• cross-functional (across business practice) coordination and work efforts, lack of targeted andcross-organizational communication; lack of resources; and lack of targeted and customizedtraining.Post-implementation stageConverging to accrual-based IPSAS will usually increase the financial information producedby any implementing public sector entity. In the post-implementation phase there are criticalcommunication and training factors to take into account in order to enable proper use to bemade of the new financial information and to ensure that the accounting changes areunderstood across the implementing entity and its key stakeholders. This means that trainingin the new accounting practices, supporting business process and managerial benefits shouldnot stop after the implementation phase, rather it may need to be escalated in order to reapany benefits of moving to accrual accounting. In addition communication efforts to bothinternal and external stakeholders on the new financial information available in the financialreports is likely to be required in order to ensure that this information becomes meaningfuland understandable by those who use it (see also Ouda, 2010).Concluding CommentsThe successful adoption of accrual-based IPSAS is seen as a step towards strengthening anorganization’s financial reporting and hence also the accountability and transparency of theimplementing entity. Good project management is invaluable when adopting accrual-basedIPSAS. It is, however, critical that an organization that seeks to adopt accrual-based IPSASensures not only sound project management, but also that there is a sound ‘tone at the top’.In any organization implementing new accounting standards, proper direction and focus fromtop management are essential to secure the active participation of staff across businesspractices and across functional levels.Identifying a project manager who possess the necessary skills in both accrual accounting,more specifically IPSAS and in project management will benefit the successful advancementof the project. The project manager will frequently serve in a mediating and communicatingrole between business practices and it is thus very valuable if the project manager has anoverall understanding of the entity’s business processes and practices.Throughout the implementation process, continuous communication with all key stakeholdersis essential. The communication requirements of the various stakeholders will vary and it isthus important that the project manager analyses the needs of each key stakeholder group.The project board meetings can then be utilized to approve and, if needed, adjust thecontinuous communication strategies.Training in combination with communication is critical to promote a positive view andestablish the necessary knowledge needed in the organization to operate with accrual-basedaccounting practices. It is thus important that a training program is designed to allow affectedstaff, and in some instances external stakeholders, to receive the necessary training andunderstanding of what changes will be introduced in the organization by the change inaccounting practices. The detailed training plan that is designed when adopting accrual-basedIPSAS should include the training requirements of all staff, across business practices andlevels, throughout the organization. The training component does not end when the projectends but should rather be seen as a continuous process as the IPSAS are subject to changesand updates, and the organization may introduce new business processes that require newaccounting processes to be established.International Journal of Governmental Financial Management 64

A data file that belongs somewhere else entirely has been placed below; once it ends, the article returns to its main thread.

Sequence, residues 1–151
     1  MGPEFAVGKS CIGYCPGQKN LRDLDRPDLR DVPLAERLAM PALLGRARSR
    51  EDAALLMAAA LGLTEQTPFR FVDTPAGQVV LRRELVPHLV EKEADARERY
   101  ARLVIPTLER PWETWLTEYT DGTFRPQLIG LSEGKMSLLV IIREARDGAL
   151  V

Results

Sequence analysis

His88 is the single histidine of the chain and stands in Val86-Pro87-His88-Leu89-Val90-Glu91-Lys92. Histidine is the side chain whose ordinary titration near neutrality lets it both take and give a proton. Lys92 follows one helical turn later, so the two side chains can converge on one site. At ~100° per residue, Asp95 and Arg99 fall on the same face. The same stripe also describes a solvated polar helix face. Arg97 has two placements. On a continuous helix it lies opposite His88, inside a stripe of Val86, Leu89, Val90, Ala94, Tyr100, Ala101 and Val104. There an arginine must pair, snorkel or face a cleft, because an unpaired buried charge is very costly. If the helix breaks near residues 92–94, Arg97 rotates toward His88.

• Establishing risk and quality management as a continuous aspect of the implementationproject will increase the awareness of risks and potential quality issues. Such awareness iscrucial in attempting to reduce risk and increase quality throughout the project cycle, thus animportant integral part of securing successful adoption of accrual-based IPSAS.ReferencesAthukorala, S. and Reid, B. (2003), Accrual budgeting and accounting in government and itsrelevance for developing member countries, Manila, Asian Development BankChan, J. L. (2003) ‘Government accounting: An assessment of theory, purpose andstandards’, Public Money and Management, Vol. 1, p.13-20Christensen, M. (2007) ‘What we might know (but aren’t sure) about public sector accrualaccounting’, Australian Accounting Review, Vol. 17, No. 1, pp.51–65Christensen, M. (2002) ‘Accrual accounting in the public sector: the case of the New SouthWales government’, Accounting History, Vol. 7, pp. 93-124Diamond, J. (2002), Performance budgeting – Is accrual accounting required?, Washington,D.C., International Monetary FundFAO (2007), Progress Report on Adoption of International Public Sector AccountingStandards, FC 118/12, Rome, May 17-25FAO (2009), Progress Report on Adoption of International Public Sector AccountingStandards, FC 126/10, May 11-15Gracia, M. (2006) ‘IPSAS implementation: an operational view’, Presentation at CIPFAAnnual Seminar, SeptemberIFAC (2001), Governance in the Public Sector, IFAC Study 13, issued by the IPSASB,AugustIFAC (2003), Transition to the Accrual Basis of Accounting: Guidance for Governments andGovernment entities (Second Edition), IFAC Study 14, issued by the IPSASB, DecemberIFAC (2008) ‘IPSAS Adoption by Governments’, issued by the IPSASB in SeptemberKaufman, D., Kraay, A. & ZoidoLobaton, P. (1999), Governance Matters, Working paper,The World BankIFAC (2010), Recommendations for the G-20 Nations - Meeting of June 26-27, 2010,www.ifac.orgJohnsen, A. and Lapsley, I. (2005) ‘Reinventing public sector accounting’, FinancialAccountability and Management, Vol. 21, No.3, pp.259-262Khan, A. and Mayes, S. (2009), Transition to accrual accounting, IMFLapsley, I. and Pallot, J.(2000) ‘Accounting, Management and Organisational Change: Acomparative study of Local Government’, Management Accounting Research, pp. 213-229Luder, K (1992) ‘A Contingency Model of Governmental Accounting Innovations in thePolitical-Administrative Environment’, Research in Governmental and NonprofitAccounting, Vol.7, pp.77-129March, J. and Olsen, J. (1989), Rediscovering Institutions, New York, Free PressInternational Journal of Governmental Financial Management 65